Inspired by the Three tune Tuesday idea started by @ablaze I thought I would try singing you guys a few old folk songs this week.
Back before Covid hit I was at college here in Perth, Scotland doing the first year of music school. As part of that course we had a module called music appreciation.
For this module we had to pick 2 genres of music to study for around 3 months and prepare a powerpoint presentation on each genre.
I went with Folk and Celtic music as my 2 genres and on the 3 month journey down that musical rabbit hole I was exposed to a hell of a lot of old songs.
The 3 I have chosen to sing this week are all songs I sing with the capo on the 7th fret.
The first song is "Dirty Old Town" a classic folk song by Ewan MacColl.
MacColl was his stage name, his birth name was James Henry Miller, he is credited as being one of the instigator's of the 1960's folk revival.
He was born in Salford in Lancashire England to Scottish parents in 1915 and died in 1989 aged 74.
"The song was written about Salford, Lancashire, England, the city where MacColl was born and brought up. It was originally composed for an interlude to cover an awkward scene change in his 1949 play Landscape with Chimneys, set in a North of England industrial town, but with the growing popularity of folk music the song became a standard. The first verse refers to the gasworks croft, which was a piece of open land adjacent to the gasworks, and then speaks of the old canal, which was the Manchester, Bolton & Bury Canal. The line in the original version about smelling a spring on “the Salford wind” is sometimes sung as “the sulphured wind”. But in any case, most singers tend to drop the Salford reference altogether, in favour of calling the wind “smoky”. "
The song has also come to be unofficially associated with the city of Dublin in Ireland due to being sung by Ronnie Drew and Luke Kelly of The Dubliners as well as Shane MacGowan of The Pouges.
The second tune I sing in the video above is called "The Lakes of Pontchartrain"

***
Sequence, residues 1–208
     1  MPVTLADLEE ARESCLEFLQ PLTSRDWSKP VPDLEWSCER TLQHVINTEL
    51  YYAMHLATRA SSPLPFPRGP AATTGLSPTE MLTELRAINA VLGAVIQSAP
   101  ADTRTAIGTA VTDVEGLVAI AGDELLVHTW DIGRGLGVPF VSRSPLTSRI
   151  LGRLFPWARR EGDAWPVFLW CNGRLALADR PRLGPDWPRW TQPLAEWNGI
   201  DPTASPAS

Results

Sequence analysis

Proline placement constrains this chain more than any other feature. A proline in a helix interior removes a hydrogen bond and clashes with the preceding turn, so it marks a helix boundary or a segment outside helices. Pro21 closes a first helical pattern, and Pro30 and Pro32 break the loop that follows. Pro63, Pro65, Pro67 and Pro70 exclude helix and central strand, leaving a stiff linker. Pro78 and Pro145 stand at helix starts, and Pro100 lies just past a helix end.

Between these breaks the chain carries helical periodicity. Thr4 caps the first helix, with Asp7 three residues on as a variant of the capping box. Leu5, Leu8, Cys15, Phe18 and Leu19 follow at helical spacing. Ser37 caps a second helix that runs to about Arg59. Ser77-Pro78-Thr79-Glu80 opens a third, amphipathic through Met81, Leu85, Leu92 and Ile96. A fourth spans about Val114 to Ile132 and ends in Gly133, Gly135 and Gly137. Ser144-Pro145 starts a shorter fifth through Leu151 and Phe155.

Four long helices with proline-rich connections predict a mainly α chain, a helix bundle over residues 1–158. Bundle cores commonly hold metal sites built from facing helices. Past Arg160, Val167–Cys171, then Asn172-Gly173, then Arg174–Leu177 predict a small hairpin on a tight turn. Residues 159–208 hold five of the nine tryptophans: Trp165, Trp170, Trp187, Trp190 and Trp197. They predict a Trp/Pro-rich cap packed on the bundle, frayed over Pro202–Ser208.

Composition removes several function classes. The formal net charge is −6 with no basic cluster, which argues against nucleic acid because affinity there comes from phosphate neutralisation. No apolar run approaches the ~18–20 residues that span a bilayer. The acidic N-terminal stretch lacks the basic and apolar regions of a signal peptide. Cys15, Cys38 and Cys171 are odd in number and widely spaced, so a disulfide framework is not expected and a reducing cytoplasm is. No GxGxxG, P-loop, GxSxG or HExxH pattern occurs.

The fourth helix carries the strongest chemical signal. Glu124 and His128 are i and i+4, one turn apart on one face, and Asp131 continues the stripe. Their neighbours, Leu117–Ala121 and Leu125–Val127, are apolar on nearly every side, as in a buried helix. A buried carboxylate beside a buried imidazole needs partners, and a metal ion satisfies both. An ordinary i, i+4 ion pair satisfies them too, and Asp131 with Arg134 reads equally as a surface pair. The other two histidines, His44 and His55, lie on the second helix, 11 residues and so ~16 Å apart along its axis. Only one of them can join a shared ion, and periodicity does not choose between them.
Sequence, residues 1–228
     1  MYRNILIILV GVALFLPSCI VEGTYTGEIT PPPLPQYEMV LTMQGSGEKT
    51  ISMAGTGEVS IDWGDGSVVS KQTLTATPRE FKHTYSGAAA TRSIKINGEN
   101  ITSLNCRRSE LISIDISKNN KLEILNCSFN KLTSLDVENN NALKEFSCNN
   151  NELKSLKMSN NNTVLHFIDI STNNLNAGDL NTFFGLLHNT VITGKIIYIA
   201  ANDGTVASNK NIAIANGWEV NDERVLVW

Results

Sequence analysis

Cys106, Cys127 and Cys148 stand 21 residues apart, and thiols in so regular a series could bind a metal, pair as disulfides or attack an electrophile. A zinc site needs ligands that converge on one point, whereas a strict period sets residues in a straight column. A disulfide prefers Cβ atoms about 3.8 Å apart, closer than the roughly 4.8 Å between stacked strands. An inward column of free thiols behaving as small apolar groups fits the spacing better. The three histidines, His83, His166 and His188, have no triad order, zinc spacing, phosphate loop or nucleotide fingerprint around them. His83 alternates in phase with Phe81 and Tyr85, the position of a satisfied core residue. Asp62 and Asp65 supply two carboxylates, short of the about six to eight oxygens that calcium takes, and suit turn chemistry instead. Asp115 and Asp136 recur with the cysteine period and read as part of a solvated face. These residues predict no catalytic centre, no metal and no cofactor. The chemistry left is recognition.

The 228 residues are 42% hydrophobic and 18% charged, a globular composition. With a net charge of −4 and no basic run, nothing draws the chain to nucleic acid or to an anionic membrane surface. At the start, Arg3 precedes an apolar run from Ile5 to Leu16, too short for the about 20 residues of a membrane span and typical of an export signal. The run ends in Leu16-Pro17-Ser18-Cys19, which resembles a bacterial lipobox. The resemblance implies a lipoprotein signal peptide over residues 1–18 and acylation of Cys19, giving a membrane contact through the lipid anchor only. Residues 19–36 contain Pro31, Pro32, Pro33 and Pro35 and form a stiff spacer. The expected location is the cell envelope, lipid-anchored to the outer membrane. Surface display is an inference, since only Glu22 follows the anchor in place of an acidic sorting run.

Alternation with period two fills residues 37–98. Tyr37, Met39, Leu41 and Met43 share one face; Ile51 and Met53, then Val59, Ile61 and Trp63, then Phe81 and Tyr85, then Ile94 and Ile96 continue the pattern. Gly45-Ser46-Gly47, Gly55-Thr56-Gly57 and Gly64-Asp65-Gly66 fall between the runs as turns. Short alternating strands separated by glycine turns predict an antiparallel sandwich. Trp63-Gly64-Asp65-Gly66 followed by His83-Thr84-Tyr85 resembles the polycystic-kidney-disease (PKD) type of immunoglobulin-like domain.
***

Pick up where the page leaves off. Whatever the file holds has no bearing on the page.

I was inspired to learn this song after seeing Paul Brady play a version of it as part of a BBC documentary on the history of Folk music.
Here is Brady's version played in a beautiful open G Irish tuning. My version uses a much simpler standard tuning.
Lake Pontchartrain forms the Northern boundary of New Orleans. The song is a ballad from the United States which tells the story of a man who is given shelter by a Louisiana Creole woman. He falls in love with her and asks her to marry him, but she is already promised to a sailor and declines.
Brady would have likely encountered this song while traveling around America in the early 1970s.
The last song in my 3 song set is "The Parting Glass"
This is a Scottish traditional song, often sung at the end of a gathering of friends or at pub closing time. It has also long been sung in Ireland, again made popular by Irish musical icons like Ronnie Drew of The Dubliners and Liam Clancy and Tommy Makem. It was apparently the most popular parting song sung in Scotland before Robert Burns wrote "Auld Lang Syne" in 1788.
I love closing my sets with this one, its a great way to say farewell to the audience.
I will leave you guys with a beautiful version sung by Liam Clancy and Tommy Makem.
Until next time......"Goodnight and joy be with you all!"